Fodder system. Wheat, barley etc.

Discussion in 'Everything Else' started by usedhobarts, Oct 3, 2014.

  1. usedhobarts

    usedhobarts Chirping

    Apr 18, 2014
    Fodder made easy for the backyard chicken coops or bunny hutch.

    Winter is coming. Keep your chickens and or bunnies happy and healthy year around by feeding them what they naturally desire for pennies on the dollar compared to bagged feed.

    After a full summer of experimental fodder raising we came up with what we believe is the easiest fodder system on the market for the small user in this price range.

    Getting the right set up or learning the do's and do nots can be an experience.

    With our system anyone who can commit 5 minutes twice a day can produce 1 1/2 to 3 lbs of lush ,beautiful and nutritious fodder everyday.

    Here are some basics on Fodder.

    1 lb. of grain seed will produce 5-7 lbs of fodder. If your grain seed contains 15% protein( as example) your eaters will only absorb less than 20% of the possible 15% if fed in grain format as the majority passes thru and is unable to be processed before becoming poo.

    When 1 lb. of seed is grown into 6lbs. (As example) of fodder your eaters will absorb up to 80% of the protein not to mention the savings of turning 16 ounces of feed into 96 ounces.

    The math! 1 lb. seed feeds 3 chickens daily but provides no fresh plant matter nutrients your chickens crave and should be getting whenever possible. 1lb. Seed turned to fodder feeds 18 chickens a daily allowance. Sounds crazy but it is true. Now here's the kicker! Not only is it true but it is so cheap and easy you will be kicking yourself for not doing it sooner not to mention how happy your chickens will be. Please note. Just like humans chickens should not just only eat greens. You theoretically can but you have to eat allot to survive. I feed fodder as part of my chickens diet as my girls don't have free range foliage available in my region from September thru March.

    Animals who are unable to foriage free range and fed fresh fodder daily will out produce those who are not. Eggs and or meat will test better.

    About our system.

    We have developed a setup perfect for 12 birds and under. Our 8 tray system will produce 1 1/2 to 3 lbs daily.

    Our system is what we call flood, rain and drain. As you can see in photos our system is designed so that you flood the top fodder bin on each side with 1-4 quarts of water. With our strategically drilled fodder bins each bin rains down on the next until it reaches the bottom bin which you will dump out at the time of the next watering. The system design allows for a no drip or spill setup which keeps what you want dry, dry and what you want wet, wet.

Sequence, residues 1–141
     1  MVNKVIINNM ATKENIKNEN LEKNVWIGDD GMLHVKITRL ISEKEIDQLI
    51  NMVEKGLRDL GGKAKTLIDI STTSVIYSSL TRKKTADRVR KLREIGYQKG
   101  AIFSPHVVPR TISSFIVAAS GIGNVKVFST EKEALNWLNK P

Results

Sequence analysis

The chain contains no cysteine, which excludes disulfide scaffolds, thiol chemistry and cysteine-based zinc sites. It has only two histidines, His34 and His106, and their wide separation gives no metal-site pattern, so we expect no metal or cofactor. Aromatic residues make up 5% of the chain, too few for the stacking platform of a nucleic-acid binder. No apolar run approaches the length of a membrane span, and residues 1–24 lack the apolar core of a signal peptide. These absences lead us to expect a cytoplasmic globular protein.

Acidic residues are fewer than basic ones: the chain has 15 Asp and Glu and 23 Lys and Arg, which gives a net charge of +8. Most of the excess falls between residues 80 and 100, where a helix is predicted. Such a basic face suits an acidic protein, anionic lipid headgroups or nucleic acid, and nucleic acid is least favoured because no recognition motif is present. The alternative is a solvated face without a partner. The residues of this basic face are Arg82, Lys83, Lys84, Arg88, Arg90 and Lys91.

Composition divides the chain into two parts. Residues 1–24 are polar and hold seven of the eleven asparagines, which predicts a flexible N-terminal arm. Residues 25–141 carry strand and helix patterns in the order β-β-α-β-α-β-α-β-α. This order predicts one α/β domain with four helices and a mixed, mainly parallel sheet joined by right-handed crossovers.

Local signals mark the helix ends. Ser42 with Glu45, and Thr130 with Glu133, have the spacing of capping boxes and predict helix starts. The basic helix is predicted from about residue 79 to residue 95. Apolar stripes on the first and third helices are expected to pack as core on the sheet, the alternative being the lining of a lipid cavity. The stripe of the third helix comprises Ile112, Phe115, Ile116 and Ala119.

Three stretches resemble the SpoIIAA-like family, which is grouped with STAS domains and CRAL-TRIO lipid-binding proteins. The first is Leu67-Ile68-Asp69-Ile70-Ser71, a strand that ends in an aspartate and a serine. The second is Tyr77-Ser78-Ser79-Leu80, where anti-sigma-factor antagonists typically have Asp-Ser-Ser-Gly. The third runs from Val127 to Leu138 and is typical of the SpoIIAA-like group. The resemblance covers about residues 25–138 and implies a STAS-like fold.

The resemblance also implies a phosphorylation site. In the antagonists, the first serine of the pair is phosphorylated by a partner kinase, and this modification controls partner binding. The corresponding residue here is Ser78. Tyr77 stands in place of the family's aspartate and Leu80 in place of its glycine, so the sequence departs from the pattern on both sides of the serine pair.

Here is what you receive. A Custom built to order system as you see. It takes about 3-4 days from order to produce a setup ready to ship based on our current ordering demand.

    This system will include everything you need to produce the first 4 weeks of fodder to feed up to 12 chickens. Not sure what bunnies eat so if your on that program you have to figure out many bunnies or other critters can feed on 3lbs daily.

    ~ fodder bin frame in tact ( no assembly required) durable lightweight wood construction
    ~ 8 pre drilled fodder growth bins
    ~ 2 non drilled catch bins
    ~ 10lbs of Non GMO certified red river valley hard red spring wheat direct from the field in 2014. Guaranteed not treated by the mill or elevator. This wheat went from the combine into a storage hopper in the back of my pickup out in the field 2 weeks ago.
    ~ detailed instructions along with free unlimited phone tech support.
    The only thing you will need is a container to pre soak your grain, a measuring cup and water.

    Dimensions 30" tall x 14" deep x17"wide. Space saving small foot print.

    I feed 28 hens and 2 Roos 10-12 lbs of fodder daily now here in northern Minnesota. I just completed one full month. My off season egg production has increased 20-30 % and my cost of free choice layer pellets 24/7 has decreased over 75%

    Orders placed in October will receive double (20 lbs) of wheat seed. Hard red spring wheat is the highest protein wheat seed grown. It carries a 15.6g rating. Winter wheat commonly sold carries for fodder is 12.4 and most barleys rate around 8-9g

    These will ship free anywhere in the lower 48. We do accept credit cards both thru PayPal and our merchant account.

    Thanks for viewing and please don't hesitate to ask any questions. 701-317-0240
    Last edited: Oct 5, 2014